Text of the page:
In-the-money

Posted in Finance, Accounting and Economics Terms, Total Reads: 774
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Definition: In-the-money

A call option is said to be in-the-money when the current market price of the asset is above the exercise price.

A put option is said to be in-the-money when the current market price of the asset is below the exercise price.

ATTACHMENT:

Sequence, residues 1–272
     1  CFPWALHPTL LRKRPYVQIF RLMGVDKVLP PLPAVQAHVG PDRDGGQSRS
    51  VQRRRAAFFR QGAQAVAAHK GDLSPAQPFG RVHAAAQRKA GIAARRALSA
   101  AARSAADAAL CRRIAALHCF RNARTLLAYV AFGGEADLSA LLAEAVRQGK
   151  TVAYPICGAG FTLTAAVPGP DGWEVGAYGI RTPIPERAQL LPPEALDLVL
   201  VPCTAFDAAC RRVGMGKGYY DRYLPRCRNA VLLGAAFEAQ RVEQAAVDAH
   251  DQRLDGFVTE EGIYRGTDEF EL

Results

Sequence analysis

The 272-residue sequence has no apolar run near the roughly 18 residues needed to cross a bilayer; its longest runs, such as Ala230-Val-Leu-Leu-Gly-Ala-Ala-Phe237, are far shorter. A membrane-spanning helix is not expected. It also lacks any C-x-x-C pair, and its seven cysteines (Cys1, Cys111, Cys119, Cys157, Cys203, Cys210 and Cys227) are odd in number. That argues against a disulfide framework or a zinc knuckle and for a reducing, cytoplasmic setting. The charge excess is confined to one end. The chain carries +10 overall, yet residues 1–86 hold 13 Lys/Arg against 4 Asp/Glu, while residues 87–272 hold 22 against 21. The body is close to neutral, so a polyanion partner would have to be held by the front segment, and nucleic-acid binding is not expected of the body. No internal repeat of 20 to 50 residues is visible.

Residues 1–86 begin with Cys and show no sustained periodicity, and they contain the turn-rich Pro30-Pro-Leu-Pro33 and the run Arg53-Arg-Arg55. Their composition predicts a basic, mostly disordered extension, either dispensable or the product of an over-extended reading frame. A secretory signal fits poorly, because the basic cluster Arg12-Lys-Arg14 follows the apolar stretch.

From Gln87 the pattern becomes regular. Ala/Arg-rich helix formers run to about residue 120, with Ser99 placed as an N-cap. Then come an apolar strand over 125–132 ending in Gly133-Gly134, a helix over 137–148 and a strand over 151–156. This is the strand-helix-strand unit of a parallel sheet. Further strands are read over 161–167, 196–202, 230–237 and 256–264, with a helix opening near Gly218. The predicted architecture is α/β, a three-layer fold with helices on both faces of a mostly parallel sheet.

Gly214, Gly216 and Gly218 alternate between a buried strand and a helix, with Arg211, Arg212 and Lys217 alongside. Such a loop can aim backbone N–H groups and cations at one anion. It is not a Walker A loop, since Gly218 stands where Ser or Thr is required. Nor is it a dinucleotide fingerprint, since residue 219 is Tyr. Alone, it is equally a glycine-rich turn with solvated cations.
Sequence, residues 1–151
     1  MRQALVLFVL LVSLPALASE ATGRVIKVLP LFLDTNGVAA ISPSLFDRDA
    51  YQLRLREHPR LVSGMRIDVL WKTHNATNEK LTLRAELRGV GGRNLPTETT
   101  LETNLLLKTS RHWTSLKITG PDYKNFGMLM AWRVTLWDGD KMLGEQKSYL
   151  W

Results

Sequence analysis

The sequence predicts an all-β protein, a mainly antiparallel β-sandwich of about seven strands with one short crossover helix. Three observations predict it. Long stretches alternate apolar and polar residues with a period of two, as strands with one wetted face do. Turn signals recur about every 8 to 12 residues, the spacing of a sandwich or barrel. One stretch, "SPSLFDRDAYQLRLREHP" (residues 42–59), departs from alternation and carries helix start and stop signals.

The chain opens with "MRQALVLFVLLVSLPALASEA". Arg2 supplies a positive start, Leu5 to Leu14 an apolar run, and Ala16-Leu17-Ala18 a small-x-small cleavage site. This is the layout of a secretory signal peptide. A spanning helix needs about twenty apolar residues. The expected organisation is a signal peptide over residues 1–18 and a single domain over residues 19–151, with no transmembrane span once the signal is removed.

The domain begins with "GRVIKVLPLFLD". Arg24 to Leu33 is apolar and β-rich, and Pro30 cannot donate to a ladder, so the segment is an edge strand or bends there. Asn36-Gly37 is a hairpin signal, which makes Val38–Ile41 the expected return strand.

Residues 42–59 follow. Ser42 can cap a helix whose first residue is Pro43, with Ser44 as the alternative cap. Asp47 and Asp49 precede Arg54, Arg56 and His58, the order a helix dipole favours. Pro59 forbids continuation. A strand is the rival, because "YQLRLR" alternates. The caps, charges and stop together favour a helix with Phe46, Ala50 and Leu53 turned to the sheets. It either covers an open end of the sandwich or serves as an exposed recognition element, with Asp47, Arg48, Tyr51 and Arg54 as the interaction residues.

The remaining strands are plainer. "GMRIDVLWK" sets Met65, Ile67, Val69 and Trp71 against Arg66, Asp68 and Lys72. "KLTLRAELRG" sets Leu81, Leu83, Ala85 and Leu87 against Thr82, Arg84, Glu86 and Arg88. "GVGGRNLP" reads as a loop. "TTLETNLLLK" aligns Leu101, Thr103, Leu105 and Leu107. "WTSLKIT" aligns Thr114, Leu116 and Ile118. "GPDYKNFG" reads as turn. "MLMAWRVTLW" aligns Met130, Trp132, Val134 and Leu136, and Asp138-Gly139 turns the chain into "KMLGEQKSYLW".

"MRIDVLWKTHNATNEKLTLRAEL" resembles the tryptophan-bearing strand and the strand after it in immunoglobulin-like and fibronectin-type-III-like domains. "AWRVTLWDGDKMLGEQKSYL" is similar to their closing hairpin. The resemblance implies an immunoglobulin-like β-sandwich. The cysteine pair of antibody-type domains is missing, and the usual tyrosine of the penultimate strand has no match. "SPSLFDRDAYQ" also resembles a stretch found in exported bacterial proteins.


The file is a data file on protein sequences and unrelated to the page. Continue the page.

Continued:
Example:

As an example, if a person buys a call option on a stock at a strike price of $50 and the current market price is $55, then the person can buy the stock for $50 and can sell it at $55 thus gaining $5. In such a case, the call option is said to be in-the-money.




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